Now that all Lewisham Council's burial and cremation records have been uploaded to the Deceased Online database, I look at the twentieth century history of the cemeteries at Brockley and Hither Green and discover how hard the area was hit by air raids during the two world wars.
|Hither Green Cemetery|
War was declared on 4th August 1914 and on the 4th January 1915 the first official war burial at Hither Green took place. 53 year old Able Seaman Frank Finn RN 97447 of the HMS Pembroke died on the 29th at the Royal Naval Hospital in Chatham, Kent. Finn had previously served in the Egyptian Campaign of 1882-4 and left a widow, Jane Finn of 21 Medusa Road, Catford. His body was returned to South East London and he was buried in plot B 909.
|Page from the Burial Register of Hither Green Cemetery for early 1915 showing the entry (5th from top) for Able Seaman Frank Finn RN|
On the night of 19th to 20th October 1917, the Hither Green area became a victim of the war when it was hit by a 300lb bomb from a Zeppelin L45. The bomb landed in Glenview Road [now Nightingale Grove], about a mile from the cemetery, destroying 4 houses and killing 5 women and 9 children. One man, Samuel Lilly Milgate, died 5 days later of his injuries. The complete list of victims is:
- Emma Dorey (72 years)
- Frances Sarah Grant (32)
- Edith L Jenner (8)
- Annie A Kingston (18)
- Bridget Mary Kingston (16)
- Mary Elizabeth Kingston (11)
- Kathleen Violet Kingston (10)
- Richard Kingston (8)
- Thomas John Kingston (6)
- Edith Elizabeth Kingston (3)
- Elsie Margery Milgate (13)
- Leonard Alfred Milgate (8)
- Samuel Lilly Milgate (53)
- Edith Mabel Milgate (18/19)
- William James Turner (13)
After the war, the respected local historian Leland Lewis Duncan (24 August - 26 December 1923) was laid to rest in Hither Green. Duncan was born in Lewisham and lived there throughout his life. He worked as a civil servant but developed interests in history and archaeology. This led to his appointment as general editor of Challenor Smith's 1893 Index of Wills (British Record Society, 1893). He is remembered today for the extensive research he undertook on the history of Kent, including his book, The Parish Church of St Mary, Lewisham (1902), The History of the borough of Lewisham (1908) and The History of Colfe's Grammar School and a life of its founder (1910). Although he had planned to work further on his historical research when he retired, Duncan sadly died the following year. In memory of Leland L. Duncan, Lewisham Local History Society erected a gravestone to the right of the entrance of Hither Green Cemetery in 1998.
|Hither Green Cemetery|
33 of the 44 victims of this daytime raid were buried in a civilian war dead plot in Hither Green during a ceremony conducted by the Bishop of Southwark. More than 7,000 mourners attended. The image above is a close-up of a page in the burial register showing name after name of children whose place of death is given as "Sandhurst Rd. School S.E.6.". Two of the victims, 5 year old Anne Rosemary Biddle and Judith Maud Biddle, the daughters of E. J. [should be R] Biddle, appear to have been twins. Their mother, Edith Rose Biddle, served as a Private in the ATS and was killed a few months later in November 1943. She also lies buried in Hither Green.
In 2009, a number of Sandhurst Road School survivors spoke to the Daily Mail about their memories of being at school when the bomb hit. Eric Brady was then 75 but could still vividly remember the experience - which put him in hospital for 18 months. Sadly, Eric's 14 year old sister, Kitty, was one of those killed. In his account he revealed that this school and five others had been deliberately targetted by the Luftwaffe. Eric remembered that Kitty had been talking to a teacher when they heard a distant siren. She was told to go to the dining hall to tell the children there to go to the shelter, but just as she arrived, the bomb fell. At that moment, Kitty had called out to Eric. Although he tried to shelter under a table, Eric was hit by falling masonry and sustained damage to his head, arm and leg. His sister was found nearby. It was believed that she had saved his life. Eric was sent immediately to hospital and only learned of his sister's death some time later.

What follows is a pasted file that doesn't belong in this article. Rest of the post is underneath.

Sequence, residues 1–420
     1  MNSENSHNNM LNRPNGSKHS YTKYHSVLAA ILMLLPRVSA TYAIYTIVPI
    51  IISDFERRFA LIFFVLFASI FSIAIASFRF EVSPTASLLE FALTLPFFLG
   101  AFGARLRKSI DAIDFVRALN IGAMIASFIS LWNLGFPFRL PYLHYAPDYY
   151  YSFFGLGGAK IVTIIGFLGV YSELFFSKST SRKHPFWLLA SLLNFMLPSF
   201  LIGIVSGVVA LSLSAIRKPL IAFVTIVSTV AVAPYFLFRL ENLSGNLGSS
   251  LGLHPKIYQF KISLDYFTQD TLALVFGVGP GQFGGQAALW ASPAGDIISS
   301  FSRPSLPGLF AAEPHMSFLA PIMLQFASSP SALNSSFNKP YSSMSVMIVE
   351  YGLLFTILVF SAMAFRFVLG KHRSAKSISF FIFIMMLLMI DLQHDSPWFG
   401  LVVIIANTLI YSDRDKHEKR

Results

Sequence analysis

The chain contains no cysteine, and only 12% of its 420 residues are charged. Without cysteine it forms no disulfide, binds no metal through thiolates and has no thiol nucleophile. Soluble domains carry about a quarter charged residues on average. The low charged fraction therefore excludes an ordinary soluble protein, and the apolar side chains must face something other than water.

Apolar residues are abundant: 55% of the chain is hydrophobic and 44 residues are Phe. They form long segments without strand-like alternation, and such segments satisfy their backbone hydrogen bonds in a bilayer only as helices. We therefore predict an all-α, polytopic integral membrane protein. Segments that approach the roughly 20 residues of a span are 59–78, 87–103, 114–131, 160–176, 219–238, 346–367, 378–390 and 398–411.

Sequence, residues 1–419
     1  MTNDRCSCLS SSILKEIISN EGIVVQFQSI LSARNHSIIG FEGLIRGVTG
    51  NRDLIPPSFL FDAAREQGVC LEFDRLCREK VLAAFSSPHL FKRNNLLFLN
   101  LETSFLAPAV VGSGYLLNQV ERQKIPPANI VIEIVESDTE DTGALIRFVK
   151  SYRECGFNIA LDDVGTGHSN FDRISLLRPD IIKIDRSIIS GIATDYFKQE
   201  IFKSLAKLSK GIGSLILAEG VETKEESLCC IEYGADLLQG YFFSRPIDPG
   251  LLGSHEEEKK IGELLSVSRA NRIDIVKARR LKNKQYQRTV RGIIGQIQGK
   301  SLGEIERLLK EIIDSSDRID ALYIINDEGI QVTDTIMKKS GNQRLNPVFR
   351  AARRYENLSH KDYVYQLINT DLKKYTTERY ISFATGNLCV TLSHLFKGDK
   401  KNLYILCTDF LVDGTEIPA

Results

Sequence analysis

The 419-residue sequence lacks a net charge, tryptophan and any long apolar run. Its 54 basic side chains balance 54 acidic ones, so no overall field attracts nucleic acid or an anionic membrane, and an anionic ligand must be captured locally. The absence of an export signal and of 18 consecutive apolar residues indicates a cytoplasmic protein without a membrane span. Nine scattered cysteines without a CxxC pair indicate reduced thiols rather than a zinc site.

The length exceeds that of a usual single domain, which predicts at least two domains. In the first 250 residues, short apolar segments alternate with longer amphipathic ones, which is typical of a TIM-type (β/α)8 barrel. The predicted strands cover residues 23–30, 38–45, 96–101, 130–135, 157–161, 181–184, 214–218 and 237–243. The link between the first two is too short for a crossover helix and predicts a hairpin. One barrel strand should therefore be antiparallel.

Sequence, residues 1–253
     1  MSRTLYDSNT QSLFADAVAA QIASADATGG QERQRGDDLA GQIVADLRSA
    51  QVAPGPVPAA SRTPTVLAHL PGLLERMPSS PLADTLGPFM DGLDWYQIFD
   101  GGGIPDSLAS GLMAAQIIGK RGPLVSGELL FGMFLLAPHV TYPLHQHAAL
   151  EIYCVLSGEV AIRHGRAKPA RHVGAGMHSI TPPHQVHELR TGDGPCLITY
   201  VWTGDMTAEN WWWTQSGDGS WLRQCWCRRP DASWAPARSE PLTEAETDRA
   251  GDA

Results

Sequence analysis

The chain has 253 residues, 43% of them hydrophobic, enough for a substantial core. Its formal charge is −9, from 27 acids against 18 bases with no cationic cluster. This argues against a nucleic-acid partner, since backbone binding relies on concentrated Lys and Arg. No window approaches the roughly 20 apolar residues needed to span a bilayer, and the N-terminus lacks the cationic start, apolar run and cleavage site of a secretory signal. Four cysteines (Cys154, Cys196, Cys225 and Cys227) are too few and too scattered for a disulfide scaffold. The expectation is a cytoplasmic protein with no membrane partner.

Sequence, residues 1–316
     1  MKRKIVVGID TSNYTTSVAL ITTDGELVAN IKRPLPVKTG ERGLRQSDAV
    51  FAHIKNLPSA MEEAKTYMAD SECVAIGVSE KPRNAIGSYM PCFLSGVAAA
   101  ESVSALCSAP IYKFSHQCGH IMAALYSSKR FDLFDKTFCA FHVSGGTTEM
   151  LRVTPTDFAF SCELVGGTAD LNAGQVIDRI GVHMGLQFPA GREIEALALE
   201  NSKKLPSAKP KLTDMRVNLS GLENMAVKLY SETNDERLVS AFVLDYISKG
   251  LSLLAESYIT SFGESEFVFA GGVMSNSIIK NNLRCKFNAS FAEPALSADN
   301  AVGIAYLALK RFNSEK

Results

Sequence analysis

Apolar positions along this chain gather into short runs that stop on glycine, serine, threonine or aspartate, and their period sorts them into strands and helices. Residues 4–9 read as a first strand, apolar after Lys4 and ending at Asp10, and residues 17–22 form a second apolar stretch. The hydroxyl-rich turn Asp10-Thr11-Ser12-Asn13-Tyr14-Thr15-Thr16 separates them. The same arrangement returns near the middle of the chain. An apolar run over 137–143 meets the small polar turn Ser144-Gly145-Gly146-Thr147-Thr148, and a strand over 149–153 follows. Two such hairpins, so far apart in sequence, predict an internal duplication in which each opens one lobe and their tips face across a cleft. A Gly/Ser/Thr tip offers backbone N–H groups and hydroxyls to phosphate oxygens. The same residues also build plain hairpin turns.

Air raids continued over Lewisham until March 1945. From June 1944 Germany launched the V1 "Doodlebug" attacks. Lewisham was the third hardest hit London borough by V1s (after Wandsworth and Croydon). During this period 126 civilians were killed by V1s in Lewisham.
|Image of a V-1 (Fieseler Fi 103) in flight.|
One of the worst Doodlebug attacks took place at 9.41 on the morning of Friday 28th July 1944 when shoppers and traders were hit without warning in the bustling market and high street. 28 civilians were killed out right, with at least 83 injured. By September the number of casualties had risen to 52. A full list of the victims of the raid can be found on Lewisham Local History and Archives' site at http://lewishamwarmemorials.wikidot.com/names:lewisham-high-street-v1-incident-names Burial records for those killed from Hither Green and Ladywell Cemeteries can be found in the Deceased Online database.
|Memorial at Brockley Cemetery|
|Grave of George Pitt|
|The grave of Rachel and Margaret McMillan|
Like Hither Green, the area around Brockley Cemetery was severely affected by the air raids of the First and Second World Wars. Of the original 4 chapels in Brockley and Ladywell cemeteries, 3 were destroyed between 1940 and 1945. Many memorials were also damaged or destroyed. As family historians, it is important to bear this is mind when searching for ancestors' graves. Fortunately, all the records have survived and are searchable on the database.
|Trees in a peaceful corner of Brockley Cemetery|